LinkedIn and CILIP Communities et al

In Uncategorized on July 22, 2011 by africker

Thing 6 is all about professional online networks (though we have dealt with them a little already).

The main interest for me in this Thing is LinkedIn.  I signed up without ever being fully convinced of how I would use it.  My profile is fairly skeleton at present (jobs, degrees, MCLIP) and I probably should add some detail.  I have more than few groups – I’ll come back to this.

Over time I have connected with a fair few folk – this seems to go in bursts – both in terms of invitations sent and received.  I got into the habit of asking people I connected with what value they were finding in LinkedIn – not a single person ever came up with a good reason to be there.

What I have been interested in is the way that the CILIP on LinkedIn seems to have started to come to life.  This seems to be in marked contrast to CILIP Communities.  I get regular emails updating me on various discussions in the group and some of these draw many comments.  I wonder if the LinkedIn group could supercede the CILIP Communities Forum?  It has the advantage of convenience (apart from for IE6 people) and neatly links to peoples rich professional profiles.  It would be interesting to see how CILIP could build on this participation.

I wonder also if LinkedIn could support something to officially badge people that are currently Chartered / a Fellow or whatever (particularly if we made recorded CPD a requirement of ongoing Chartered status) .  In this way employers checking us out before interview would have that marker of professional commitment.  It would also knock out those who use the letters but should no longer do so.


On reflection

In CPD23 on July 11, 2011 by africker Tagged: , , ,

I am sure this won’t be the only CPD23 post with this title.  Thing 5 is reflection and this will be familiar territory for anyone engaged in meeting the information needs of NHS staff and nursing students in particular.  I can walk you blindfolded to the reflective practice books.  Reflection is also a regular topic in HILJ with a  systematic review (free online) from Maria Grant in 2007 and others well worth a look (go to the site and then search for reflection – many of you will have HILJ in one of the bundles your institution subscribes to or ask your local NHS Librarian).

I make regular attempts to be more systematic in my reflection but like most am incosistent.  My big hope is that CILIP will bring in mandatory CPD and will help us do this by offering a simple online track and reflect type tool (like pebblepad).  At least that is the excuse I am using today.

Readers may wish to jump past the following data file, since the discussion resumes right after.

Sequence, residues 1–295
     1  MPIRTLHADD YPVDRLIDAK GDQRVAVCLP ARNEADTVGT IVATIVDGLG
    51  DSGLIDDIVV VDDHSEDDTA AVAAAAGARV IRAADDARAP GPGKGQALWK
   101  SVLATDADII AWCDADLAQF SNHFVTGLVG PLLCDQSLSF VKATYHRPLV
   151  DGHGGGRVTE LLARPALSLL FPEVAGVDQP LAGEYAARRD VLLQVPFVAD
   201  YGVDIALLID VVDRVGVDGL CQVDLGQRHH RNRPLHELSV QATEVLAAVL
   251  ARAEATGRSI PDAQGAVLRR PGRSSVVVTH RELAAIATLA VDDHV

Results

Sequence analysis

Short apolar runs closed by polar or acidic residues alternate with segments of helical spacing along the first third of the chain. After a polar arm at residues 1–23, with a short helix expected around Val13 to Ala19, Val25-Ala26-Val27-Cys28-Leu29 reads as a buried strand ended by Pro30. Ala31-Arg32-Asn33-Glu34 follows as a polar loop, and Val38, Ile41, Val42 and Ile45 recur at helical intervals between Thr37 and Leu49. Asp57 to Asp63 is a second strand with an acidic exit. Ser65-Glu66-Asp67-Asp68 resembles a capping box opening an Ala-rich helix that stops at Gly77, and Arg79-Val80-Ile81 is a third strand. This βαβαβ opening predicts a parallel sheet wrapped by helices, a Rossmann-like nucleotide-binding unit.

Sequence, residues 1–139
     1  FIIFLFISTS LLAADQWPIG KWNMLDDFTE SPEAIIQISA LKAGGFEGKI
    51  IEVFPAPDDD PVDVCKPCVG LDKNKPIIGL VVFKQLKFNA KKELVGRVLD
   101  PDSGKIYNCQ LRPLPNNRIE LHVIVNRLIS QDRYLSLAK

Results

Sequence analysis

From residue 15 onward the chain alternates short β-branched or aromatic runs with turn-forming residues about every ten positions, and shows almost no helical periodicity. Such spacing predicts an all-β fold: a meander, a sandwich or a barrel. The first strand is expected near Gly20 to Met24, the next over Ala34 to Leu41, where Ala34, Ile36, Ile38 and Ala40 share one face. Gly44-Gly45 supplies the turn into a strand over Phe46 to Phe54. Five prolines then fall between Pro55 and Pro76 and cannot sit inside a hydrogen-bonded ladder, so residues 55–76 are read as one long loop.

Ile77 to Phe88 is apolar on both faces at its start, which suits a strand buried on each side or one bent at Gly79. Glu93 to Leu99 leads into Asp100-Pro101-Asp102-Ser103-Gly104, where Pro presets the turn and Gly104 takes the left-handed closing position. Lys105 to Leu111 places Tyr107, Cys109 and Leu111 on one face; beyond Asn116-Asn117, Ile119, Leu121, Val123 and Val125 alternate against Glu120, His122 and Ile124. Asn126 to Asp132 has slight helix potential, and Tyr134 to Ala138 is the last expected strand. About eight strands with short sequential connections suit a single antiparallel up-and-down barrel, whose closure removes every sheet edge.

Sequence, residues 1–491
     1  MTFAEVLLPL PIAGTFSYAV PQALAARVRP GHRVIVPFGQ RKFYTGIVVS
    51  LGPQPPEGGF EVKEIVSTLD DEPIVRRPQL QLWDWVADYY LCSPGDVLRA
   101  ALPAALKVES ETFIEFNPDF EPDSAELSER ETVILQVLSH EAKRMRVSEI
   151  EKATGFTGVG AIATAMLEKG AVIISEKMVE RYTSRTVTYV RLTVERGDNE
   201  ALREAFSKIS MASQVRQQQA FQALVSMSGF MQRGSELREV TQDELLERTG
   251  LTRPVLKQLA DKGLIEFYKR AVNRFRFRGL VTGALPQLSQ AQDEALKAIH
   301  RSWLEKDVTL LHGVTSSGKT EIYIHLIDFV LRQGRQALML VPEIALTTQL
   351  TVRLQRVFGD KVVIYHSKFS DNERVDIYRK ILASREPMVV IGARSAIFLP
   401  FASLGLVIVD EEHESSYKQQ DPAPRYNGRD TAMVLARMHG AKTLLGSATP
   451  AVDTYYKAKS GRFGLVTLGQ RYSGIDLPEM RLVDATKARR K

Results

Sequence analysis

UpToDate, Algorithms and NICE Standards

In Evidence-Based Medicine on July 7, 2011 by africker Tagged: , , ,

An interesting article in Forbes (NHS readers be aware – IE6 hates Forbes) describing UpToDate as “Medicine’s Killer App”.  It identifies some of the reasons that clinicians are so fond of what is essentially a textbook and adds an interesting perspective on some of the previous discussion around this product.

The UpToDate article is one of a series of four with the most interesting article for me being about Standards and practice.  This is well worth a read for considering how guidance may and may not be adopted and when considering the Quality standards under development at NICE.


Stylist magazine on complementary and alternative medicine

In Uncategorized on July 7, 2011 by Danielle Tagged: , ,

Thank you to a friend for pointing out this by turns arrogant and naive article (which I couldn’t find on the Stylist website), focused on how we have all given up on medicine and are seeking solace in woo. What irks me the most is the suggestion that all women are “wired to the right side of their brain” so are creative, emotional types drawn to hokum treatments. How ridiculous and clearly untrue.

According to this article, “acupuncture, osteopathy, homeopathy, chiropractice and herbal medicine” are supported by scientific evidence. Is this news to you? Because they actually aren’t supported by any real evidence, except to say in some cases there may be a placebo effect. So you could actually be doing more good by prescribing someone a sugar pill, a glass of water or cognitive behavioural therapy (CBT) if, as the author says, they go to acupuncture in order to talk to someone for an hour and a half.

Why do people believe any of it? Because, as my friend said, “people are stupid.”